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Boeing's Battery Woes Could Short Circuit E-Cars

GS Yuasa Corp., whose batteries are now under investigation after incidents that led to the worldwide grounding of Boeing’s 787 Dreamliner fleet.
Junko Kimura | Bloomberg | Getty Images
GS Yuasa Corp., whose batteries are now under investigation after incidents that led to the worldwide grounding of Boeing’s 787 Dreamliner fleet.

The ongoing investigation of faulty lithium-ion power packs on the new 787 Dreamliner could have implications far beyond the aerospace industry, with some observers worrying that Boeing's battery problems could short-circuit the nascent market for plug-ins, hybrids and other electrified automobiles.

Investigators in the U.S. and Japan have put a spotlight on the lithium backup power systems used on the new Boeing jet, linking the technology to several recent incidents, including a fire on one of the Dreamliners parked at a gate at Boston's Logan field. Some observers are pointing to a series of fires involving the battery packs used in various electric vehicles, including the Chevrolet Volt and Fisker Karma.

With the Boeing story getting a lot of airplay, "This is definitely an issue," said Joe Phillippi, of AutoTrends Consulting. "This could be particularly bad timing," the analyst cautioned, considering the push to increase sales of battery-based vehicles in the years ahead.

All 50 of the new jets Boeing had so far delivered have been grounded and investigators yesterday visited GS Yuasa, the Japanese manufacturer of the lithium batteries on the 787. While some aircraft have used the technology before, Boeing's is the most advanced and extensive. One of two batteries involved in recent Dreamliner incidents shows signs of having been overcharged though the other did not, according to investigators.

"We are in the midst of collecting information, so as to whether there is a problem or not has not yet been determined," said Tatsuyuki Shimazu, the chief air worthiness engineer at Japan's Civil Aviation Bureau's Aviation Safety Department.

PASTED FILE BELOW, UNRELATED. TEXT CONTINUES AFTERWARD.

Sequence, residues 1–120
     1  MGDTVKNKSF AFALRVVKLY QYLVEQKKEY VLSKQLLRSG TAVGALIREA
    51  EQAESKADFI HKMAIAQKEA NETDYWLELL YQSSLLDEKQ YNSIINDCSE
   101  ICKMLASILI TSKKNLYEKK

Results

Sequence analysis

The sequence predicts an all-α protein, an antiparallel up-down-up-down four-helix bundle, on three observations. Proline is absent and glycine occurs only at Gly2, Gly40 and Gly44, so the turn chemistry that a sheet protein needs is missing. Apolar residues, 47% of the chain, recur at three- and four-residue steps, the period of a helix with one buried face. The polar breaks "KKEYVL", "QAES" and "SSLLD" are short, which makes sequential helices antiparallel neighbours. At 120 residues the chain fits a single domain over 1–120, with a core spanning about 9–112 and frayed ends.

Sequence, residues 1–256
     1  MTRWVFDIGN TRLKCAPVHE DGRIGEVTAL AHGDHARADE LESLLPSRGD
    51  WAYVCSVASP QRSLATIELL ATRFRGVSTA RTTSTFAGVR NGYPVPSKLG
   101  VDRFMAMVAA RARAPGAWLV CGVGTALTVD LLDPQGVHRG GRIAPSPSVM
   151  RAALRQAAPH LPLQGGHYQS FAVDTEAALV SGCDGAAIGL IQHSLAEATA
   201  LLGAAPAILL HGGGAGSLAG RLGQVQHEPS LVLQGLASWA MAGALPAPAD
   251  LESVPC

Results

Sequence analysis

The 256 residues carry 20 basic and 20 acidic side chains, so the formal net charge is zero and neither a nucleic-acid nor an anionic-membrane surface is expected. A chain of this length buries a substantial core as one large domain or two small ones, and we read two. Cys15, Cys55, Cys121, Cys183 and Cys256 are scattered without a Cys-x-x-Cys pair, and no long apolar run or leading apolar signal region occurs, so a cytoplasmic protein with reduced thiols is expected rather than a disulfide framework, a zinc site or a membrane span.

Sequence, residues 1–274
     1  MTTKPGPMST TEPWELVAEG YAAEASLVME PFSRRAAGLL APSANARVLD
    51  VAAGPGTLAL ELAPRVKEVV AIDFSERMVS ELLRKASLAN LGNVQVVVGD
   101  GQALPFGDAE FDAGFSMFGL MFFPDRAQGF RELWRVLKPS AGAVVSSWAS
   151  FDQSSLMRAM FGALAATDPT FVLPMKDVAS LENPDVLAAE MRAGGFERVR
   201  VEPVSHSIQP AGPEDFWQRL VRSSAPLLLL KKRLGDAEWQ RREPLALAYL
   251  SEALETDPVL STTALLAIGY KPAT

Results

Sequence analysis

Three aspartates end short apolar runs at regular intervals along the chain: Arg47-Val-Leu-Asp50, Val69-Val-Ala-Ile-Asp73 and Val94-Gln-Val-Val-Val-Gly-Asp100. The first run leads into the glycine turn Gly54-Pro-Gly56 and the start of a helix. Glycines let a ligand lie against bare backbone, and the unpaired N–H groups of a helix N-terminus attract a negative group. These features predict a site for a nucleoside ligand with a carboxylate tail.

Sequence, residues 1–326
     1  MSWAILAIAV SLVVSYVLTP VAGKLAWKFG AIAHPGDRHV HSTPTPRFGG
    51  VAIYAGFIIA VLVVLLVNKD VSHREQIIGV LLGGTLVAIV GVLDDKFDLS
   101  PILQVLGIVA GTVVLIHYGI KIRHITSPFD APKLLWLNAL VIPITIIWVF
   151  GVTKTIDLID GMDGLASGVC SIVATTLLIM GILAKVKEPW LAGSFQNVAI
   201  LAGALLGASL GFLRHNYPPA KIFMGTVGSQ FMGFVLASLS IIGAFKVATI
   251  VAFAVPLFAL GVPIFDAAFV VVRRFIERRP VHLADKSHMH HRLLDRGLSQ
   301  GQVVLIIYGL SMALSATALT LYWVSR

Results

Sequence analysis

Several investigations continue into fires involving lithium-ion batteries involved in automotive applications. That includes a fire that destroyed a Fisker Karma plug-in hybrid parked in a Texas garage last year, and another involving Fiskers that were caught in flood waters during Superstorm Sandy last autumn. Several other battery based vehicles also caught fire in a storage lot at a port outside Newark, New Jersey, and it appears salt water short-circuited their electric systems.

The Chevrolet Volt plug-in hybrid also became a target of investigators in 2011 when the National Highway Traffic Safety Administration revealed a battery pack caught fire weeks after a Volt was crash tested. A second battery later started smoking after it was tested.

Eventually, investigators concluded the Volt problem was largely the result of NHTSA's testing procedures. Nonetheless, General Motors subsequently made significant changes to further reduce the likelihood of problems following a crash.

Separately, Fisker announced changes to its battery pack design following a fire linked to a cooling fan system. And the California-based start-up was forced to order a recall of early versions of the Karma when a manufacturing defect was discovered by battery supplier A123.

Fisker has struggled with sales significantly lagging initial expectations. Chevy, meanwhile, suffered a short-term decline in sales after the initial report of the fire at a NHTSA test center. Demand soon rebounded, however. Sales of the plug-in more than tripled last year compared to 2011 levels — but still came to barely half of GM's initial 45,000 target for the U.S. market.

"No questions, these kinds of headlines (surrounding the Boeing batteries) are not going to help battery vehicle sales," contends analyst Phillippi and others.

Even without such concerns, the auto industry has struggled to boost demand for the high-mileage technology. Nissan, which also has struggled to meet expectations for its Leaf battery-electric vehicle, or BEV, last week announced it would introduce a new version that comes in $6,000 below the price tag of the 2012 model. With various state and federal incentives, the maker announced, some buyers could purchase the Leaf for less than $20,000.

As for the Volt, which is currently the best-selling "advanced propulsion" vehicle on the U.S. market, company officials insist they're pleased with the way sales are trending. Countering skeptics, Mark Reuss, GM's president of North American operations, told reporters "The electric car is not dead."

He's not the only one hoping that's the case. A variety of manufacturers have begun rolling out new electrified products, from conventional hybrids to full battery-electric offerings. That includes the new Ford Fusion Energi, the Toyota RAV4-EV and a plug-in version of the Honda Accord.

Those two Japanese makers have previously preferred to use less advanced nickel-metal hydrid batteries, officials expressing concerns about potential problems with lithium technology. The Boeing issue underscores such concerns, though battery technology proponents hope the issue will soon be resolved.

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